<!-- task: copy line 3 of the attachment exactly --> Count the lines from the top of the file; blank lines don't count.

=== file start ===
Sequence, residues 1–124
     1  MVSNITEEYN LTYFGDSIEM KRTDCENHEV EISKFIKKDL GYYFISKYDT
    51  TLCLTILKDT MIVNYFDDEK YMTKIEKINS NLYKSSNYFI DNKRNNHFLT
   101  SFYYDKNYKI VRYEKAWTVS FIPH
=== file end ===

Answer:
    51  TLCLTILKDT MIVNYFDDEK YMTKIEKINS NLYKSSNYFI DNKRNNHFLT